Tuesday

28th Jan 2020

EU wants internet firms to hand over encryption keys

  • The Snowden revelations led to a surge in self-encryption (Photo: linksfraktion)

A top EU official wants internet and telecommunication companies to hand over encryption keys to police and spy agencies as part of a wider crackdown on terrorism.

The EU’s counter-terrorism co-ordinator Gilles de Kerchove, in a document leaked by London-based civil liberties group Statewatch, says the European Commission should come up with rules that require the firms to help national governments snoop on possible suspects.

Read and decide

Join EUobserver today

Support quality EU news

Get instant access to all articles — and 20 years of archives. 14-day free trial.

... or join as a group

“Since the Snowden revelations, internet and telecommunications companies have started to use often de-centralised encryption which increasingly makes lawful interception by the relevant national authorities technically difficult or even impossible,” notes de Kerchove in the document.

Edward Snowden is a former US intelligence contractor who leaked files on how the US and UK intercept vast amounts of private data in the name of security.

The de Kerchove proposal joins similar recent calls made by the US and UK governments to weaken or ban certain forms of encryption.

UK prime minister David Cameron, in the aftermath of the Charlie Hebdo attack in Paris, said British intelligence agencies should have the legal ability to break the encrypted communications.

His plea was later joined by Obama who said post-Snowden encryption technologies was making it more difficult for spy agencies to crack suspect communications.

“If we find evidence of a terrorist plot … and despite having a phone number, despite having a social media address or email address, we can’t penetrate that, that’s a problem,” the US leader said.

Fears are mounting such proposals could force companies to introduce backdoor entries that would allow governments to pierce encrypted emails and smartphone message apps.

But critics warn that tech-savvy criminals can also exploit backdoors, leaving users more vulnerable to cyber attacks.

“Instead of protecting citizens, it will actually endanger citizens’ net security and trample fundamental rights to data protection and privacy," said German Green MEP Jan Phillip Albrecht in a statement.

The US National Intelligence Council, in one of the documents leaked by Snowden, itself notes that strong encryption is the best defence against industrial espionage and online attacks from Russian and Chinese gangs.

Meanwhile, the de Kerchove paper goes further.

Last April, the Luxembourg-based European Court of Justice scrapped the EU data retention directive. But Kerchove wants the European Commission to come up with a new proposal.

He also wants a new Internet monitoring unit set up inside the EU police agency, Europol.

The unit would be tasked to comb the web for any illegal content and alert IT companies to remove it.

Kerchove suggests the police agency should also better align itself with the EU’s intelligence analysis centre, IntCen.

Opinion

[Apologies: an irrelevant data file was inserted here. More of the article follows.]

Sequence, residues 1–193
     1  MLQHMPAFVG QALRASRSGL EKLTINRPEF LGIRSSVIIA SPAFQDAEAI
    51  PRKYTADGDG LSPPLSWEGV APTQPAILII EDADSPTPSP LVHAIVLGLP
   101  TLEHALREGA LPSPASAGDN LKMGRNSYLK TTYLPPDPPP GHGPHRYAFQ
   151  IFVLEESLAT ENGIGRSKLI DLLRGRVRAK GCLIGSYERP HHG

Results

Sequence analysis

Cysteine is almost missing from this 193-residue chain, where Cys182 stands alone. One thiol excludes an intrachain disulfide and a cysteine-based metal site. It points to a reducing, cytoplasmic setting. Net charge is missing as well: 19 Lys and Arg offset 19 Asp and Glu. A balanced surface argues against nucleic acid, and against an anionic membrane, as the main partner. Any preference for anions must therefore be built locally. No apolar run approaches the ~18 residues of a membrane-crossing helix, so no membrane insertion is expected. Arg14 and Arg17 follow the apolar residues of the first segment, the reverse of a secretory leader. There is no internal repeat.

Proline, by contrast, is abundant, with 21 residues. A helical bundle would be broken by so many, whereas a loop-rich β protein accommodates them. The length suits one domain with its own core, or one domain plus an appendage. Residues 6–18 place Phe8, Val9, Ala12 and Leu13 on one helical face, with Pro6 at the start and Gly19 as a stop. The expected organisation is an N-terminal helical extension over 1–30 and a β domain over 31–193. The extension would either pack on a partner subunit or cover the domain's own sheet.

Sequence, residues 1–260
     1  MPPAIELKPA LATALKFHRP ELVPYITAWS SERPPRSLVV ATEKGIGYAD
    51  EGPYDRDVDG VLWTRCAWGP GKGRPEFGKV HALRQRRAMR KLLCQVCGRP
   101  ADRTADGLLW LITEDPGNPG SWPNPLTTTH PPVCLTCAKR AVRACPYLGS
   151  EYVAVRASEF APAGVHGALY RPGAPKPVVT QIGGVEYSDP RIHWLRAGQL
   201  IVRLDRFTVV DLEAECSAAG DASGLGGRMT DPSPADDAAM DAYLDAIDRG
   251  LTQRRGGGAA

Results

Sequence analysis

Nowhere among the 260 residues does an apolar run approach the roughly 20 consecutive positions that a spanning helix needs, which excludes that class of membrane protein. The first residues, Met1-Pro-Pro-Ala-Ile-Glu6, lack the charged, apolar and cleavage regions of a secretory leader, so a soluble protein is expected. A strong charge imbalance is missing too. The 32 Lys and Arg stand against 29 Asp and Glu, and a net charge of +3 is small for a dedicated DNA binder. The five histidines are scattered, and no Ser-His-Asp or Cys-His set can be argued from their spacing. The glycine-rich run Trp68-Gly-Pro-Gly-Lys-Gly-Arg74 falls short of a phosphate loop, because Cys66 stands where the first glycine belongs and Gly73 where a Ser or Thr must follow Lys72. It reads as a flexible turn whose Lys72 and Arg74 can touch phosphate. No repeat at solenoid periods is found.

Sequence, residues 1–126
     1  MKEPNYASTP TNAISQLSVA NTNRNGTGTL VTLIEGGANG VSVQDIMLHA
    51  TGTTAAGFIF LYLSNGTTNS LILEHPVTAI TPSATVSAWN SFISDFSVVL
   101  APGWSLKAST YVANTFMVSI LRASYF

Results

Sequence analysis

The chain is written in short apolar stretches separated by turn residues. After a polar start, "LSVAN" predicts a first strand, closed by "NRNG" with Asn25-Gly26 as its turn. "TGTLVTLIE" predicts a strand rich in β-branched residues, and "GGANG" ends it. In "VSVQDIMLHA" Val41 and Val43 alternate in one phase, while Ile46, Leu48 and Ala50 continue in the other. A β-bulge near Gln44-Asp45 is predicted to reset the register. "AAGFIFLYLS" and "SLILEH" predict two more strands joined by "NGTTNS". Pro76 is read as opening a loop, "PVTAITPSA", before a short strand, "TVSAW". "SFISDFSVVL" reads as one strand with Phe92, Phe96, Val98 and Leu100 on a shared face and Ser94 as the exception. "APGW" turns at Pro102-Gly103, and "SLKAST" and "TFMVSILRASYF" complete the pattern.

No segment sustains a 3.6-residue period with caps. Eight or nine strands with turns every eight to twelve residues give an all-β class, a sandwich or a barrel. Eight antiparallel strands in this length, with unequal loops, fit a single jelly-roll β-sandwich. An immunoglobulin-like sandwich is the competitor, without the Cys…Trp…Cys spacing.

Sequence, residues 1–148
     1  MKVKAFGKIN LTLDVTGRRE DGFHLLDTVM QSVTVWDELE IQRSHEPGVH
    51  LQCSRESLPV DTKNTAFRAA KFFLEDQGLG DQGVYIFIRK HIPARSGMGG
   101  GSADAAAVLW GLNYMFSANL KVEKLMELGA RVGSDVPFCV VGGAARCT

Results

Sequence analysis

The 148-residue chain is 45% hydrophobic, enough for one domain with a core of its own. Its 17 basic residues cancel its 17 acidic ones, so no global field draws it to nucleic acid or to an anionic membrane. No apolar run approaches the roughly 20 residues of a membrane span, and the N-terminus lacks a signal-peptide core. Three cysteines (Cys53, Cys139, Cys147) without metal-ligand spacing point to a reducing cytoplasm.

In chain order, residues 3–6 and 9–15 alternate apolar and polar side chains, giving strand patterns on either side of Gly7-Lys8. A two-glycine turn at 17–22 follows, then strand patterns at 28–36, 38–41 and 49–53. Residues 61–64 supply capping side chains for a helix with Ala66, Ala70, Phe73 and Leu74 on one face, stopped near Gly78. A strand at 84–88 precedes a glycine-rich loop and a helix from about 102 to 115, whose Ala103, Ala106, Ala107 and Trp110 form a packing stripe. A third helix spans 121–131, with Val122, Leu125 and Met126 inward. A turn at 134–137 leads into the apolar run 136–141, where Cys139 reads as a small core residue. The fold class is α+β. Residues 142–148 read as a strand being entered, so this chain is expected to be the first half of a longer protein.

Innovative lessons across the Atlantic

Europe has its own Internet success stories like Skype, Snapchat and Spotify. But are they given the right atmosphere to grow and prosper?

News in Brief

  1. Cases of coronavirus in France and Germany
  2. Report: EU court seeks authority on post-Brexit deal
  3. Slovenian PM resigns, calls snap election
  4. Merkel wants EU-Balkan talks agreement by March
  5. Germany: UN sanctions to enforce Libya ceasefire
  6. Irish PM: UK weaker than EU in trade talks
  7. Report warns of challenges under new EU telecom rules
  8. EU countries to evacuate citizens from virus-hit Wuhan in China

Opinion

Trump's 'plan' for Israel will go against EU values

As someone who has been personally targeted by Benjamin Netanyahu's incitement against Arabs and Palestinians, Christians, Muslims and Druze, I still believe that peace is possible. But Donald Trump's 'plan' will be a gift to Netanyahu's campaign.

Stakeholders' Highlights

  1. Nordic Council of Ministers40 years of experience have proven its point: Sustainable financing actually works
  2. Nordic Council of MinistersNordic and Baltic ministers paving the way for 5G in the region
  3. Nordic Council of MinistersEarmarked paternity leave – an effective way to change norms
  4. Nordic Council of MinistersNordic Climate Action Weeks in December
  5. UNESDAUNESDA welcomes Nicholas Hodac as new Director General
  6. Nordic Council of MinistersBrussels welcomes Nordic culture

Latest News

  1. 'Brexit is not going to go away,' warns EU's Barnier
  2. Belgian spy services launch internal clear-up
  3. US and UK in war of words over Huwaei
  4. How Slovakia's far-right might pull off an election victory
  5. Trump's 'plan' for Israel will go against EU values
  6. Salvini down, but not out in Italy regional poll
  7. Brexit finally happens - the UK leaves the EU This WEEK
  8. Why is Netherlands so far behind on renewables?

Stakeholders' Highlights

  1. UNESDAUNESDA appoints Nicholas Hodac as Director General
  2. UNESDASoft drinks industry co-signs Circular Plastics Alliance Declaration
  3. FEANIEngineers Europe Advisory Group: Building the engineers of the future
  4. Nordic Council of MinistersNew programme studies infectious diseases and antibiotic resistance
  5. UNESDAUNESDA reduces added sugars 11.9% between 2015-2017
  6. International Partnership for Human RightsEU-Uzbekistan Human Rights Dialogue: EU to raise key fundamental rights issues

Join EUobserver

Support quality EU news

Join us